Recalling the stunned silence that greeted the planning board’s 3-2 vote Monday to reject the site plan for Rupco’s Landmark Place project for the old city alms house, I feel pretty safe in saying that no one in the room, maybe not even those who voted against it, expected it to fail.
You’ve probably heard of “jury nullification.” That’s when a jury, presented with evidence that proves someone committed a crime, finds them not guilty anyway, their logic being the accused was justified in doing whatever the accused was accused of. It seems, to me anyway, what happened Monday night was “planning board nullification.”
While sometimes jury nullification is the right thing to do, I don’t think what happened Monday was any kind of justice. Now, it wouldn’t be accurate for me to say I have no sympathy for the neighborhood. Their fears, as unfounded as they may be, are to them real, and for some, quite intense. Only the most morally rectitudinous among us, if we’re all going to be honest, would joyfully welcome a population of homeless people into our midst and not be worried about the impact. This speaks at least as much about our own flaws, and likely more, as it does the homeless. The vulnerable among us, those living on their friends’ couches or in the backs of their own cars, or camped out back of the Kingston Plaza, can’t afford publicists or social media campaigns to spruce up their image, after all.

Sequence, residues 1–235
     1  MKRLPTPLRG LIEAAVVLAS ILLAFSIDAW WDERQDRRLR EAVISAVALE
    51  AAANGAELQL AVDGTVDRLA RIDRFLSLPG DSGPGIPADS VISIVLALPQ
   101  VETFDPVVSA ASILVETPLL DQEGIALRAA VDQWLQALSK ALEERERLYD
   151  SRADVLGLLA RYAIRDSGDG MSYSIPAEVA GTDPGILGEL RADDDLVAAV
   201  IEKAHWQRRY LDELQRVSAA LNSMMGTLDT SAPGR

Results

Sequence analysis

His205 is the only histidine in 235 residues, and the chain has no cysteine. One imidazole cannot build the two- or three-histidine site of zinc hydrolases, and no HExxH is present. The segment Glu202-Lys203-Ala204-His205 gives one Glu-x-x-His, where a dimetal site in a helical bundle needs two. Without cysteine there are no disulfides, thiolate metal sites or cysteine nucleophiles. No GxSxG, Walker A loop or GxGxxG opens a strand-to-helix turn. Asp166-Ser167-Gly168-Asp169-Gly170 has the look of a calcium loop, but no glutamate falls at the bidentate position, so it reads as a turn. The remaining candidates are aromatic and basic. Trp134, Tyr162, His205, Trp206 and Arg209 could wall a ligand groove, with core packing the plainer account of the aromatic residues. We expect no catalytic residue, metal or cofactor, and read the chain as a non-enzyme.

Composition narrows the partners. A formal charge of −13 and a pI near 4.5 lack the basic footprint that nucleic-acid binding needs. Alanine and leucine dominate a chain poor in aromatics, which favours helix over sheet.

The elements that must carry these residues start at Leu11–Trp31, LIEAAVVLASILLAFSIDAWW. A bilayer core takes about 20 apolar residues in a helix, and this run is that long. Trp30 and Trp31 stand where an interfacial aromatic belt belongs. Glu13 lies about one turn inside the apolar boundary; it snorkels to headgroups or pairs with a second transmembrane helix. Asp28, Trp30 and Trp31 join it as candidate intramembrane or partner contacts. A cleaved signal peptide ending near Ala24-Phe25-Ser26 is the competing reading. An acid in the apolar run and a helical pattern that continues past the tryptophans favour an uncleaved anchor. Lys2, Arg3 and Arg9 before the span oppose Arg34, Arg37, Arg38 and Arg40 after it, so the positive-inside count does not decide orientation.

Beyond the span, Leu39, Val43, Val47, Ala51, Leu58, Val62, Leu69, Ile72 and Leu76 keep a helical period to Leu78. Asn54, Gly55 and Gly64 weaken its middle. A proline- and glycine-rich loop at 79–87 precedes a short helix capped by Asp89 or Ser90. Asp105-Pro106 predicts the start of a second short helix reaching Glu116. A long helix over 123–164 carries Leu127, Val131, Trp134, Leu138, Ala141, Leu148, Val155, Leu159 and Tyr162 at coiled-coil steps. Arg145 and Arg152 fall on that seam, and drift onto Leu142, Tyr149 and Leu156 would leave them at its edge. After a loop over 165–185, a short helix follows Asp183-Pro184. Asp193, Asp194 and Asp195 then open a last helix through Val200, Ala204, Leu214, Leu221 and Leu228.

But many times in life, circumstances — and plain old doing the right thing — call all of us to rise above our fears and move ahead, doubts and all. When Rupco first proposed Landmark Place, I thought it was a good use for a building that was rather a white elephant, but shouldn’t be torn down. I still think that. The need for this kind of housing is obvious, will become even more obvious as Baby Boomers enter their twilight years.
There are suggestions that Rupco should “flip” the alms house, with the not-for-profit maybe even making some money for itself in the deal. But that suggestion, while perfectly valid for a real estate mogul, doesn’t fit in with what Rupco actually does — help people get and stay in homes. The organization’s strong sense of mission, as well a desire to not set a precedent which elements in other communities might follow, virtually demands Rupco battles in court to get the decision overturned.
Which highlights an irony. If Rupco goes forward with litigation, and I support them doing this, the city, whose Common Council voted for the zoning change, will be forced to pay to deal with that litigation. That’s annoying enough, but even more so when you agree with the plaintiffs in the first place.